Walthers has tooled detail variations for its HO-scale FP7 to accommodate the six road names produced in this initial run. Like the prototype, several road-specific details make this model easily identifiable as a former Southern Pacific locomotive. A snowplow pilot and rooftop icebreakers for service over mountain passes are unique to the FP7s built for SP; you’ll also find front lift rings above the pilot. The icebreakers were added by SP sometime later in its ownership of these locomotives to break icicles from tunnel portals in mountainous areas, and they remained installed until Amtrak retired these FP7s. The model’s icebreakers are quite sturdy and made of photo-etched metal parts. The air horn is also road-specific, a Nathan M5 mounted above the engineer’s side of the cab. As a former Southern Pacific locomotive, this model includes partial side skirting along the sill in front of the fuel tank, and a frame-mounted equipment box behind the front truck. Since these FP7s are prototype specific, some other road names produced have full skirting or no skirting, and an empty space behind the front truck instead of an equipment box. Additionally, while Walthers’ Amtrak models include a dynamic brake fan behind the cab, some models in this run are represented without dynamic brakes when appropriate. The upper front headlight is a unique triangle configuration with a red, single beam emergency light on top and a dual-beam headlight on the bottom. The upper headlight is functional, as is the lower headlight, but the red emergency light is non-operating. The rear backup light is functional.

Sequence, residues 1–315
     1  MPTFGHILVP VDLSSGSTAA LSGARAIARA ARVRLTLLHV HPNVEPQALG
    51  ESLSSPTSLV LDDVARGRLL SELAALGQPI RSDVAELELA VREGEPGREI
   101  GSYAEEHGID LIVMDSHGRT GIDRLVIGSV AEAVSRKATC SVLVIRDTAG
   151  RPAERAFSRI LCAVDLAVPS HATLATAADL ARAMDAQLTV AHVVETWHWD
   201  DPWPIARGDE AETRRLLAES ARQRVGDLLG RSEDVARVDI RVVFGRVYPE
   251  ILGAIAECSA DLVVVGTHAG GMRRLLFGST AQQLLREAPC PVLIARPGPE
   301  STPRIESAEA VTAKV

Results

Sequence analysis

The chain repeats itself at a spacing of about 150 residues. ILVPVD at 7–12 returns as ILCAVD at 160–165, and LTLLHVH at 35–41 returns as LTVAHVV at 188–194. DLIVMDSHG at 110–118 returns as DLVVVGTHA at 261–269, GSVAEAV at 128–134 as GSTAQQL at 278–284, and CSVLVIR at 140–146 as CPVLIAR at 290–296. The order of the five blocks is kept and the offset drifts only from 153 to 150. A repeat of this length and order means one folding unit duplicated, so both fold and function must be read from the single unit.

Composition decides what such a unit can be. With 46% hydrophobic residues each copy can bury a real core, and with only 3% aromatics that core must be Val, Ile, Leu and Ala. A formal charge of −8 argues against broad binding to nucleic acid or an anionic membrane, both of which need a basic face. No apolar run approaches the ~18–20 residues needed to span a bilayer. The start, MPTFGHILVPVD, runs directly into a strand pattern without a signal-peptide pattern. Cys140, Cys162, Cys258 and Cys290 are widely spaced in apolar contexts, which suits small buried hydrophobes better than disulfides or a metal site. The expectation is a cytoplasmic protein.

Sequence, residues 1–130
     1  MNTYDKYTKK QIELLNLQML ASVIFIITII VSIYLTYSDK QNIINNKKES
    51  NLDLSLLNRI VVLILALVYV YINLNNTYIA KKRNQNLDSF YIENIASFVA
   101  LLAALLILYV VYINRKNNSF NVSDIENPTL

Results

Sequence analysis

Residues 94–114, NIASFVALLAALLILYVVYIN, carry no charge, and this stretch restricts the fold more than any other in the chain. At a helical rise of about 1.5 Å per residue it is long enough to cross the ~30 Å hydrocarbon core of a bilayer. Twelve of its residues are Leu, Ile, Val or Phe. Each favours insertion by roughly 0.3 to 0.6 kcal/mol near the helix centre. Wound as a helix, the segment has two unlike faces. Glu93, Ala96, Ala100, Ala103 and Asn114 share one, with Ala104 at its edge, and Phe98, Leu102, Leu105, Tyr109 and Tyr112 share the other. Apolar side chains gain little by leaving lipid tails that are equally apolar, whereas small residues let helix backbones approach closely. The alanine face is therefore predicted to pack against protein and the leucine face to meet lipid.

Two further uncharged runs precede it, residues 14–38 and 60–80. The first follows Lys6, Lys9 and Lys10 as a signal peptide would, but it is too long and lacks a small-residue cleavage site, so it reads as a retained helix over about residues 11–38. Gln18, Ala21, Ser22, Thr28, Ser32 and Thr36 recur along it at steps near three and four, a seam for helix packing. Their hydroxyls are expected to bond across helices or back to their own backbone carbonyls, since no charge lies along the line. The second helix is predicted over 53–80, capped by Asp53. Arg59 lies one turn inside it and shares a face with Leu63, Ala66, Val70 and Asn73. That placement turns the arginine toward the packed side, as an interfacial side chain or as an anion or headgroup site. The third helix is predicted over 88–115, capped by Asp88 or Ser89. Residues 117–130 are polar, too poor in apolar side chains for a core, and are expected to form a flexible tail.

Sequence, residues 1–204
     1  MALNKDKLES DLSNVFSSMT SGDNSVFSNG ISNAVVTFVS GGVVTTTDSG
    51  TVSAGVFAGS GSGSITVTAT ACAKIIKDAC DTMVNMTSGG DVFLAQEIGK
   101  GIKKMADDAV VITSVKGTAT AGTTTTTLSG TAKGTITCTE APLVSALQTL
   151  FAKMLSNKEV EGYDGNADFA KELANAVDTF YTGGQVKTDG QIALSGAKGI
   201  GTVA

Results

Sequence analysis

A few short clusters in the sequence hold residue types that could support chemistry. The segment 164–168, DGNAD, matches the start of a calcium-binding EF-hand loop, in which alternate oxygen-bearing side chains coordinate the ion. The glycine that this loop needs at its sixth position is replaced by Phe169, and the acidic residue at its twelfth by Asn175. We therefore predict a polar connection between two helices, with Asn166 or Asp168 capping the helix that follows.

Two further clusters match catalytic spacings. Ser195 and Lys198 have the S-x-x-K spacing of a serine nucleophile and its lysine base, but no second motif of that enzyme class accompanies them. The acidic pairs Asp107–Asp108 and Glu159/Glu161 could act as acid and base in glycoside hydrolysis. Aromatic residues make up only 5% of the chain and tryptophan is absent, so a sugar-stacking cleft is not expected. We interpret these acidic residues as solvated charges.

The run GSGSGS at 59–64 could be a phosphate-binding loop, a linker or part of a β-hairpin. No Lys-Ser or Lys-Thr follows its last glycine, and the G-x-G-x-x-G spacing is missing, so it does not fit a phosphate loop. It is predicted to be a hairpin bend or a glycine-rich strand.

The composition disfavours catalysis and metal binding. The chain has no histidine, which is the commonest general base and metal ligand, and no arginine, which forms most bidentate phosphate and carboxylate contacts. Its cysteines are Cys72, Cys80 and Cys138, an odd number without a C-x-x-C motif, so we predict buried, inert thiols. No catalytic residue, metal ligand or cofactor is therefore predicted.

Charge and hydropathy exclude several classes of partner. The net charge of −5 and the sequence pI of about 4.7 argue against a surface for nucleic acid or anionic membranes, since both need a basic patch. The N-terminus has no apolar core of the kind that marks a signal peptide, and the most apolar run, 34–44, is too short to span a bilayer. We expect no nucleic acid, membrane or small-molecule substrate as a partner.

Our sample is DCC-ready and includes a 21-pin decoder plug for installation of your choice of decoder to go digital, or operation on standard DC direct from the box. The FP7s with DCC include ESU’s LokSound 5. All lighting on this model uses LEDs, which present realistic warm-white color. Both the upper and lower headlights illuminate when the model is running forward on DC power and the rear backup light illuminates in reverse. The number boards are illuminated by LEDs. Impressively, the top headlight has a flashing mars light effect when operating on DC power, a feature apparently built into the DCC jumper board. The drivetrain on this model is the usual quiet and powerful drive expected from a modern Walthers locomotive and should be well-suited for pulling HO passenger equipment.

Final Thoughts About This F-Unit
Walthers’ newest model in the Proto locomotive line is a great addition to the existing F-unit models from the company. This batch of road names leaves plenty of room for future runs. Some potential options for future paint schemes include two major purchasers of FP7s, Atlantic Coast Line and Louisville & Nashville, but I’d personally love to see Northern Pacific’s two FP7s in the striking Loewy two-tone green scheme. Early Amtrak is an interesting era in railroading, and Walthers has captured a small piece of it with this locomotive.

Wm. K. Walthers


About the Author – A regular contributor to Model Railroad News, Aaron Adams lives in Washington state and is a recent college graduate. Aaron enjoys contemporary railroading and is an active HO scale modeler. 




This review appears in September 2021’s Model Railroad News.


This article was posted on: August 19, 2021